Canadian Rockies, summary. After an eventful couple of years, the summer of 2008 and the winter of 2009 were relatively quiet. Given the short windows for the high peaks, and how few people are drawn to hard alpine climbing in what is a demanding yet unglamorous range, big sends in the Canadian Rockies have always been few and far between.
In July on Mt. Louis (2,682m), a spire of unusually good limestone, Brandon Pullan and Will Meinen established a significant variation start to the left of the Kain Route (III 5.6). The Gargoyle (III 5.10a) is mostly mid-fifth class with a harder crux. After some seven pitches it joins the Kain Route.
Also in July Eamonn Walsh and I climbed a possibly new route on that weekend warrior’s dream, the north face of Mt. Temple (3,543m). The Icarus Buttress (IV+ 5.11-) takes the prominent rib right of the classic Greenwood-Locke route (IV+ 5.9), and though the vertical gain is 1,000m, only 300m are sustained rock climbing. The crux was two pitches of 5.11 -ish climbing up rather friable rock.
The steep, rocky, and remote south and west aspects of Mt. Joffre (3,449m), the highest peak in Kananaskis Country, had likely never been attempted before last summer. After hiking up the wrong valley on their first attempt in August, Steve Holeczi and Eamonn Walsh consulted a map and returned a few days later to establish the South Ridge (IV+ 5.9) over two days. Not surprisingly, the rock left something to be desired.
The winter of 2008-9 saw the establishment of the hardest multi-pitch sport-mixed route in the range. Will Meinen and Brandon Pullan began aid climbing and bolting their way toward a distant hanging dagger on the east aspect of Pigeon Mountain two winters ago, but a long approach and overhanging rock made for slow progress. This past winter they recruited Will Gadd to redpoint the line. Gadd suggested a grade of M12 for the crux pitch to the final ice dagger. With the lower pitches featuring dry-tooling up to M9, the five or six-pitch Jimmy Skid Rig (250m, M12 WI5) is easily the hardest route of its kind in the Canadian Rockies.
But it was another multi-pitch bolted mixed route that stirred up plenty of controversy. Patrick Delaney bolted The Doors of Perception (12 pitches, M5+ WI2) on the east face of the front-range Loder Peak during the summer, using a combination of bottom-up and top-down tactics. In January 2009 Delaney returned with Mathieu Audibert to make the route’s first ascent. But it quickly came to light that the line had been climbed before, aside from minor variations. In fact, while bolting the route Delaney encountered old pitons. The ensuing debate involved two issues: Just what constitutes a new route? And is bolting a line that can be climbed largely on natural gear acceptable? One thing is certain: a line that until last winter saw maybe a couple of ascents suddenly received multiple ascents within a couple of months.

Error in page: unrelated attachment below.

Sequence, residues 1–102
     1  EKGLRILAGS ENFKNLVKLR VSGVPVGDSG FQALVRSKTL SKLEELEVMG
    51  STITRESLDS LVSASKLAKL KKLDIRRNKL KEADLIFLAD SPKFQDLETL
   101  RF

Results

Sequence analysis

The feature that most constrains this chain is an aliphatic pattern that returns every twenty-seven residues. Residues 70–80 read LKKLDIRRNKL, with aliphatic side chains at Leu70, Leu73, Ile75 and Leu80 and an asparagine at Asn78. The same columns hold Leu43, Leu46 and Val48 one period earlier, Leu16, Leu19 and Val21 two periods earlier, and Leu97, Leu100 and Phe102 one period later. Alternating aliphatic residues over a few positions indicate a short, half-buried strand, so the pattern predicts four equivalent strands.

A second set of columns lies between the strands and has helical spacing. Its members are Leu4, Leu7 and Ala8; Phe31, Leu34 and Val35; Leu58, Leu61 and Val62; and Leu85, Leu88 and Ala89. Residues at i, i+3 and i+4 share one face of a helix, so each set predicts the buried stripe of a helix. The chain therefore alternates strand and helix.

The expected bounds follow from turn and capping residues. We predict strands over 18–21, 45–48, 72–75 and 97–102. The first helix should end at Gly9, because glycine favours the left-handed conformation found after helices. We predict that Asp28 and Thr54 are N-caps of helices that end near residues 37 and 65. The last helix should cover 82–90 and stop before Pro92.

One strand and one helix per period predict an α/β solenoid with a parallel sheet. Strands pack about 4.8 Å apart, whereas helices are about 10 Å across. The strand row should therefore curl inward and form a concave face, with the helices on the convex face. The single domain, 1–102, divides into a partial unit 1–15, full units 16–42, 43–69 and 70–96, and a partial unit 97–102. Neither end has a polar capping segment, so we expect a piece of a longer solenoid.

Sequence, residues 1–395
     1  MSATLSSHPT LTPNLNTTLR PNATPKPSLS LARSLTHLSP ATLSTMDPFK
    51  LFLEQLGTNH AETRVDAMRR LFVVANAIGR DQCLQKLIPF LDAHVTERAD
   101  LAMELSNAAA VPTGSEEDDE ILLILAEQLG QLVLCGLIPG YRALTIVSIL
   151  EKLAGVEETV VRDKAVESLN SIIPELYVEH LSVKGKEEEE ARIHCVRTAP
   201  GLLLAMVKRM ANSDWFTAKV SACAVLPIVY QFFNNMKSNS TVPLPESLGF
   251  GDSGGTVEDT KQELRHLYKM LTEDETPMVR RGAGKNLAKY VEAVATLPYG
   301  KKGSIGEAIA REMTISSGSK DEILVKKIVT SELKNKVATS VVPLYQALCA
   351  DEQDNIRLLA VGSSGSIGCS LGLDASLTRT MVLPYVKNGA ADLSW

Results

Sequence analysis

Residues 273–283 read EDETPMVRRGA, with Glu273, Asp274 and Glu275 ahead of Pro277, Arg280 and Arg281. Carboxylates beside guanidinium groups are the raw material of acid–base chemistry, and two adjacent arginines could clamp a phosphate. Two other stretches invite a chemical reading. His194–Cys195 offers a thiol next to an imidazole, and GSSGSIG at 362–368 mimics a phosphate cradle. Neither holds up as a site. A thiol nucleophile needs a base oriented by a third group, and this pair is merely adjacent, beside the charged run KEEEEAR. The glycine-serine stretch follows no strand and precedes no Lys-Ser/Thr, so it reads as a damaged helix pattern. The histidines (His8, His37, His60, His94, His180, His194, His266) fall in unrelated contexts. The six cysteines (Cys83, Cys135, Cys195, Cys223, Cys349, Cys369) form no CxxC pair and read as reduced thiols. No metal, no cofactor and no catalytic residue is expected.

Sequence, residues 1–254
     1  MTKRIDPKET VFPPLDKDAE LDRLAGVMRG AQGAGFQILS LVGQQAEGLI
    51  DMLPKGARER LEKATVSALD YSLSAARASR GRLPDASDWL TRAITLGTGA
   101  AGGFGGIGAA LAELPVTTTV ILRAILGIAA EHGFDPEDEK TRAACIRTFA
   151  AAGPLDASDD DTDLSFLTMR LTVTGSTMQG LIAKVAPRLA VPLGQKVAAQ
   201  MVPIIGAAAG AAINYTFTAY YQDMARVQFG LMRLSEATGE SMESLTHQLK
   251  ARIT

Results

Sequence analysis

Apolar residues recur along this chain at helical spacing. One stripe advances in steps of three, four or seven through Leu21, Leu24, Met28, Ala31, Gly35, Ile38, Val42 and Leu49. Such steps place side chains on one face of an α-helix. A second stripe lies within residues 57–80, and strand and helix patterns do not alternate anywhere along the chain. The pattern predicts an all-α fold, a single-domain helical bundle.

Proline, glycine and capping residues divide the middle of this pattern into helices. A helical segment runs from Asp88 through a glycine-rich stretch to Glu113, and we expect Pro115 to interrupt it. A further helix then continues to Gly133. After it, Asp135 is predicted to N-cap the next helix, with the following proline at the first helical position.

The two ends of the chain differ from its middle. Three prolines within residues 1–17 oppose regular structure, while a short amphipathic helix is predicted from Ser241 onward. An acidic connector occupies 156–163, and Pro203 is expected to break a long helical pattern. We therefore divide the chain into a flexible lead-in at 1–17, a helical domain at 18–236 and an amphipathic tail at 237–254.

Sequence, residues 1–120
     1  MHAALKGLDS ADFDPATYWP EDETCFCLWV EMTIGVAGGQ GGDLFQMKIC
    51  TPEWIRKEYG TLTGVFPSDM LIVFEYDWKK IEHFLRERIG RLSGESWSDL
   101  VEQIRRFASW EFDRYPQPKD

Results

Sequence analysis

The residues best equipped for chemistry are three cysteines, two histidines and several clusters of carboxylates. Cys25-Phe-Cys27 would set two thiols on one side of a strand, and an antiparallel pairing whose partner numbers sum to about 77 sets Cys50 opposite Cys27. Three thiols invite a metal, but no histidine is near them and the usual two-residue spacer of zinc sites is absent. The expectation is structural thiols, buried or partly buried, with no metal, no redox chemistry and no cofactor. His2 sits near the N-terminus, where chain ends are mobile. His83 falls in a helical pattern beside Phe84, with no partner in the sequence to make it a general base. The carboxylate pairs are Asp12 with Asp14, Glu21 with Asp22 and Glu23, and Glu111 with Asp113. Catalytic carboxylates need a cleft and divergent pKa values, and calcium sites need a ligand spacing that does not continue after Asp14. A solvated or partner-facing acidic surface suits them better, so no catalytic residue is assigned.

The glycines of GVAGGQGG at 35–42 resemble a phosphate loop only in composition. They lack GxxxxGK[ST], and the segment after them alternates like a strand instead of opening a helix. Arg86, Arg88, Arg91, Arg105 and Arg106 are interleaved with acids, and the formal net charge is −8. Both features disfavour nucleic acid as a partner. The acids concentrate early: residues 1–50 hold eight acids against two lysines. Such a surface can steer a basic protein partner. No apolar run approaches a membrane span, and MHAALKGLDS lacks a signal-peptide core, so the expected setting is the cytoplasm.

The alpine world was quiet last winter though not unremarkable, as two ascents provided stark proof of the rise in standards. Both were ascents of that “hard” classic, The Wild Thing (VI M7 WI5) on the northeast face of Mt. Chephren (3,266m). In late November Jon Simms and Jon Walsh made the first free ascent (and likely fifth overall), climbing an M7 chimney to the left of the original A3 crux, in a 44-hour round-trip from the road. In February 2009 Dana Ruddy, Eamonn Walsh, and I made the sixth ascent. Motivated by a tight work schedule, we eschewed bivy gear and climbed the route in a continuous 29-hour push from base to summit. It was the first time a Canadian Rockies grade VI had been climbed in this style in winter. We took the more challenging and aesthetic ice-climbing on the direct start, climbed by Ben Gilmore and Kevin Mahoney in December 2003 but never completed to the top. On the upper headwall we followed the original line, freeing the supposed A3 crux at well- protected M7.
Raphael Slawinski, Canada, AAC